Share Email Print

Proceedings Paper

High-gain GaAs photoconductive semiconductor switches: measurement of filament velocity and reduced trigger energy
Author(s): Guillermo M. Loubriel; Fred J. Zutavern; Marty W. O'Malley; Wesley D. Helgeson
Format Member Price Non-Member Price
PDF $17.00 $21.00

Paper Abstract

The time evolution of the current filaments in an optically triggered, high gain GaAs switch was studied by recording the infrared photoluminescence from the filaments. When the switch is triggered with two laser diode arrays (through a fiber optic) that are activated within 1 ns of each other, two current filaments are observed, each one emanating from the point of illumination. By delaying one laser with respect to the other, the evolution of the filament was recorded in a time resolved fashion. The first filament that is triggered crosses the switch, the voltage drops and the other filament ceases to grow. By varying the delay between the trigger lasers, the tip velocity is measured to be up to 5.9 +/- 1 X 109 cm/s. This speed is 600 times larger than the peak drift velocity of carriers in GaAs. This observation supports switching models that rely on carrier generation at the tip of the filament. The filaments speed up as they cross the switch: for one voltage range initial speeds were 0.7 +/- 1 X 109 cm/s and final speeds (the last 100 ps of motion) exceed 5.5 +/- 1 X 109 cm/s. This experiment also shows a relationship between the rise time of the voltage across the switch and the required trigger energy and switch jitter.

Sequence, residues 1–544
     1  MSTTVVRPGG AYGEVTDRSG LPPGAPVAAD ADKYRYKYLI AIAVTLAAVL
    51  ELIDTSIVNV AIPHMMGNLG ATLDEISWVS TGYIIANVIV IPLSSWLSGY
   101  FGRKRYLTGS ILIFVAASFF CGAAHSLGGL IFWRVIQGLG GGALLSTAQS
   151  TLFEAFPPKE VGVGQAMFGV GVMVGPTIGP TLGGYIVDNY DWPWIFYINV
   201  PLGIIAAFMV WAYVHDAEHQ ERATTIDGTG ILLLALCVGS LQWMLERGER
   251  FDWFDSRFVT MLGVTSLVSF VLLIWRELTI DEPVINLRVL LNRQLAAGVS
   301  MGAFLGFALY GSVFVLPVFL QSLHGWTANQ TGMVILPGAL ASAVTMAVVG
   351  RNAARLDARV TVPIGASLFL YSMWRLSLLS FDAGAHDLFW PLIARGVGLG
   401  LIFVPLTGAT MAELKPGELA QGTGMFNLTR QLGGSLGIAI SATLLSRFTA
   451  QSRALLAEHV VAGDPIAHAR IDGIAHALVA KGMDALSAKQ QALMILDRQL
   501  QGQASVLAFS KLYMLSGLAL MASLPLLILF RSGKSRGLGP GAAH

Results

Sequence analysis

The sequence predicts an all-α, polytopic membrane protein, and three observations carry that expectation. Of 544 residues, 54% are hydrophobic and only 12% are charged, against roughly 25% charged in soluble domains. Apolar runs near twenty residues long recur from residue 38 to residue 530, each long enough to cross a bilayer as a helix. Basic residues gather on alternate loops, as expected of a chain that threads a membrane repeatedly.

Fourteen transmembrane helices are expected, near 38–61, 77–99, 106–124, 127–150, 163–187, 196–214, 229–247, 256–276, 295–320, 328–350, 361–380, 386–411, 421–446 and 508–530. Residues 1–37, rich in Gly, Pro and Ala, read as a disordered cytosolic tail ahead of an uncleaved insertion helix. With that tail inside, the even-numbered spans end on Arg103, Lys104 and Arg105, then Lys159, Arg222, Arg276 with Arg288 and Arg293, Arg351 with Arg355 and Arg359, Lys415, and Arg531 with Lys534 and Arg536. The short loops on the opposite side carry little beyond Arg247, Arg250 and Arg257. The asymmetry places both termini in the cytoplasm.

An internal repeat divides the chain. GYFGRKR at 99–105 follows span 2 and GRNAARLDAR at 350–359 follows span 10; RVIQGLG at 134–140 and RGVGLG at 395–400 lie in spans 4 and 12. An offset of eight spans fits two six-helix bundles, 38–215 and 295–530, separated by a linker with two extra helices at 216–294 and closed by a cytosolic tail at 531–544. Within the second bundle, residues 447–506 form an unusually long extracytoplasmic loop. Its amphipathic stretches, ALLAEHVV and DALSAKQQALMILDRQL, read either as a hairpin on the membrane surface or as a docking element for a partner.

Paper Details

Date Published: 4 January 1995
PDF: 11 pages
Proc. SPIE 2343, Optically Activated Switching IV, (4 January 1995); doi: 10.1117/12.198664
Show Author Affiliations
Guillermo M. Loubriel, Sandia National Labs. (United States)
Fred J. Zutavern, Sandia National Labs. (United States)
Marty W. O'Malley, Sandia National Labs. (United States)
Wesley D. Helgeson, Sandia National Labs. (United States)

Published in SPIE Proceedings Vol. 2343:
Optically Activated Switching IV
William R. Donaldson, Editor(s)

© SPIE. Terms of Use
Back to Top
Sign in to read the full article
Create a free SPIE account to get access to
premium articles and original research
Forgot your username?